# Calculate Relative Formula Mass

In this worksheet, students will learn how to calculate relative formula mass.

Key stage:  KS 3

Curriculum topic:   Chemistry: Atoms, Elements and Compounds

Curriculum subtopic:   Conservation of Mass

Difficulty level:

#### Worksheet Overview

Atoms have very little mass. So instead of using their mass in grams or kilograms (can you imagine being the scientist trying to put an individual atom on the scales?!) all atoms have a relative atomic mass.

Remember seeing the little numbers on the periodic table next to an element's symbol? They are the mass number and atomic number.

When we refer to relative atomic mass, we basically mean the mass number of an atom of that element.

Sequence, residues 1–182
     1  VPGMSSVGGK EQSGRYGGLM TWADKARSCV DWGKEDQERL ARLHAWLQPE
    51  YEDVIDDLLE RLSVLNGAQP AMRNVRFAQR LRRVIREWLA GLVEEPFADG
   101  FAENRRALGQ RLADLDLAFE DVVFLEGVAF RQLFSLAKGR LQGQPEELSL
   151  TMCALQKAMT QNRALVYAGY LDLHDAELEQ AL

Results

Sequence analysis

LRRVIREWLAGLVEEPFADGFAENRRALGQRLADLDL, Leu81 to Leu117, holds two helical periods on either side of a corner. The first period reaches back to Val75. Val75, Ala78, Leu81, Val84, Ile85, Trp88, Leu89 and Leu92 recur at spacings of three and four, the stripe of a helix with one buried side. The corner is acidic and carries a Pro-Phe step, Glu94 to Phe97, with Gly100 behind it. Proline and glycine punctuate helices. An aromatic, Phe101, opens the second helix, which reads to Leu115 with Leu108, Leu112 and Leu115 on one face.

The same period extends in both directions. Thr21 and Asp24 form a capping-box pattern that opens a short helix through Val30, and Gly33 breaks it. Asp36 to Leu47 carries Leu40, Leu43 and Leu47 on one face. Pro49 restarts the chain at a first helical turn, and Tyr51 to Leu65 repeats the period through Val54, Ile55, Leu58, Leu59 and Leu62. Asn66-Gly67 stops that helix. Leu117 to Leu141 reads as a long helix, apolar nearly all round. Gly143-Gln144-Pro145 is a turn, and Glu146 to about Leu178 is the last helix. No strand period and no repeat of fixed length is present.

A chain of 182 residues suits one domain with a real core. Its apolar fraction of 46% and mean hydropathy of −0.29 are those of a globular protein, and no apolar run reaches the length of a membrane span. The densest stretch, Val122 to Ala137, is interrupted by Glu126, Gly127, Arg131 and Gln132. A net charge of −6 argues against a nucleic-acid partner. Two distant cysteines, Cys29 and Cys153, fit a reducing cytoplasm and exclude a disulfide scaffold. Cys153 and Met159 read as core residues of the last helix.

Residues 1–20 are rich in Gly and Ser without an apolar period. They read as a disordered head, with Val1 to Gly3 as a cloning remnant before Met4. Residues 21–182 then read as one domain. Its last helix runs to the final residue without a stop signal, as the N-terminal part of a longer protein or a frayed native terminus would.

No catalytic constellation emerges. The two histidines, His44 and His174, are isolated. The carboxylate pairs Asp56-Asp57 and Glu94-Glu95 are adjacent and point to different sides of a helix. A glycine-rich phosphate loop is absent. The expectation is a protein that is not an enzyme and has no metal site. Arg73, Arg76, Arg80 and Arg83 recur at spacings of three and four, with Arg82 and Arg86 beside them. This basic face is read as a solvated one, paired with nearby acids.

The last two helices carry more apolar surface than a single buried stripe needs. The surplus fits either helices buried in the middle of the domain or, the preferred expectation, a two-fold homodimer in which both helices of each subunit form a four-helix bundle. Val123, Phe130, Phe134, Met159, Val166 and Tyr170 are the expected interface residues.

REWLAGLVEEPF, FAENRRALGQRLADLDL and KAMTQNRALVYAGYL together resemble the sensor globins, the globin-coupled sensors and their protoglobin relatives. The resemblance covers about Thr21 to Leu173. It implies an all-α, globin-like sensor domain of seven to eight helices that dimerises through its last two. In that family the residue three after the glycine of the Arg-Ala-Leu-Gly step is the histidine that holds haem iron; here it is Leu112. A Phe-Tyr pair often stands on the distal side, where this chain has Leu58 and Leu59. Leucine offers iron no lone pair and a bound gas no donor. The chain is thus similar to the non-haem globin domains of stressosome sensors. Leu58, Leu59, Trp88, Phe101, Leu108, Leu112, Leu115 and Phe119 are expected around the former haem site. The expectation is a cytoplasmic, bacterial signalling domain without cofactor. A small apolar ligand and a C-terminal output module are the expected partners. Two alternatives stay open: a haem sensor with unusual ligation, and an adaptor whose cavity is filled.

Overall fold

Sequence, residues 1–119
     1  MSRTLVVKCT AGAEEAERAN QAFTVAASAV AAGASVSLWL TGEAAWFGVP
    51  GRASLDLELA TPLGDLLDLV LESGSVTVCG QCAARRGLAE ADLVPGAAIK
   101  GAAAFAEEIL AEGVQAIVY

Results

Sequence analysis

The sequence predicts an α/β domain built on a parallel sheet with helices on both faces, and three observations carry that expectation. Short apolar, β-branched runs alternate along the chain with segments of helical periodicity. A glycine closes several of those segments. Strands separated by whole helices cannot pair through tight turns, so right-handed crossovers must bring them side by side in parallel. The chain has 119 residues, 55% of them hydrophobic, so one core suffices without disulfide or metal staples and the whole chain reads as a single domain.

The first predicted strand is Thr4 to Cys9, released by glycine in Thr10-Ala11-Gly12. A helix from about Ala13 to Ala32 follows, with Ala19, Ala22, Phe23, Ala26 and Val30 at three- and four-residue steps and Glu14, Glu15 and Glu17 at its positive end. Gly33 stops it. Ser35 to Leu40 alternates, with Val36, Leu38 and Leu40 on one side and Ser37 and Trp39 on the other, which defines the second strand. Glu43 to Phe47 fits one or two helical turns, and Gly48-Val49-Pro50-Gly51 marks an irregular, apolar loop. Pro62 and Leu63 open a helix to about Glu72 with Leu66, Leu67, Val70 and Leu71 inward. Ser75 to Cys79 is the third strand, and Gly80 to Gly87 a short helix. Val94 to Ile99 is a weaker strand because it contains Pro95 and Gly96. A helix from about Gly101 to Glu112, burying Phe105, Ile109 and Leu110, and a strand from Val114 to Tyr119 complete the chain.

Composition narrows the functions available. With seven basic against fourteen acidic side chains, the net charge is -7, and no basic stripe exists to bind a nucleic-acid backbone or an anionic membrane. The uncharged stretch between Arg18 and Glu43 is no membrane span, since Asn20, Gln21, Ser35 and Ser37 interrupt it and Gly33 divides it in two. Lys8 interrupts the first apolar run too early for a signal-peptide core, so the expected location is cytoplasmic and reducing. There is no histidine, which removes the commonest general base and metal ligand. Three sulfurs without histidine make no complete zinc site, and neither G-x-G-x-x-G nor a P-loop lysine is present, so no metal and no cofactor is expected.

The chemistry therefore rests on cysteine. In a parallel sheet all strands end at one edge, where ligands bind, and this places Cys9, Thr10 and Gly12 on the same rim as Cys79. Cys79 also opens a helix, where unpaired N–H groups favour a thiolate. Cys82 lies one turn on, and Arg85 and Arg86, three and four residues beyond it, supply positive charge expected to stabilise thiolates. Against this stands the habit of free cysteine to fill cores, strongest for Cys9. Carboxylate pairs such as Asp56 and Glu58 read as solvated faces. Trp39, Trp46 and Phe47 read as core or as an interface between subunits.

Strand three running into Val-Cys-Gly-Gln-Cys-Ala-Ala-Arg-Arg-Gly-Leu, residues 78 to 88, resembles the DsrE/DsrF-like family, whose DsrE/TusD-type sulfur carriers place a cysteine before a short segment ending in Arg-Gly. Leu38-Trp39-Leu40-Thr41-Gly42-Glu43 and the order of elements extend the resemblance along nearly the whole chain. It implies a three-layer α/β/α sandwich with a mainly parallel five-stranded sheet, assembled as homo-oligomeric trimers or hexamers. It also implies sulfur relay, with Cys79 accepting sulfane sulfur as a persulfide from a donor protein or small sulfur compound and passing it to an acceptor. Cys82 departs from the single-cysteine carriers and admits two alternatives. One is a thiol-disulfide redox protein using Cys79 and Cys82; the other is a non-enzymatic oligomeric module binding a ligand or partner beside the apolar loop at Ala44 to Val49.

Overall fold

So if we wanted to work out the relative formula mass for a substance such as carbon dioxide, CO2, we first need to know the relative atomic mass of carbon and oxygen.

As you can see carbon has a mass of 12 and oxygen has a mass of 16.

To calculate the relative formula mass for a substance:

1) Work out how many atoms of each element there are in the chemical formula

2)  Add together the mass values for all the atoms of each element present

So for CO2 there is one atom of carbon and two atoms of oxygen so the relative formula mass of carbon dioxide would be:

12 + 16 + 16 = 44

Note: There are no units for relative formula mass.

This does look tricky, but it will get easier if we try some questions.

Let's have a go at calculating the relative formula mass of various substances.

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